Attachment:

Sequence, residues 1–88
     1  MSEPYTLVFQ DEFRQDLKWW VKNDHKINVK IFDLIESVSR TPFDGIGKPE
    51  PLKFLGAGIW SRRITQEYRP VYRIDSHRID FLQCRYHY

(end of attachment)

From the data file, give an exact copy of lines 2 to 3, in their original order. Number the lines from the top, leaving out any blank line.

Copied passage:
     1  MSEPYTLVFQ DEFRQDLKWW VKNDHKINVK IFDLIESVSR TPFDGIGKPE
    51  PLKFLGAGIW SRRITQEYRP VYRIDSHRID FLQCRYHY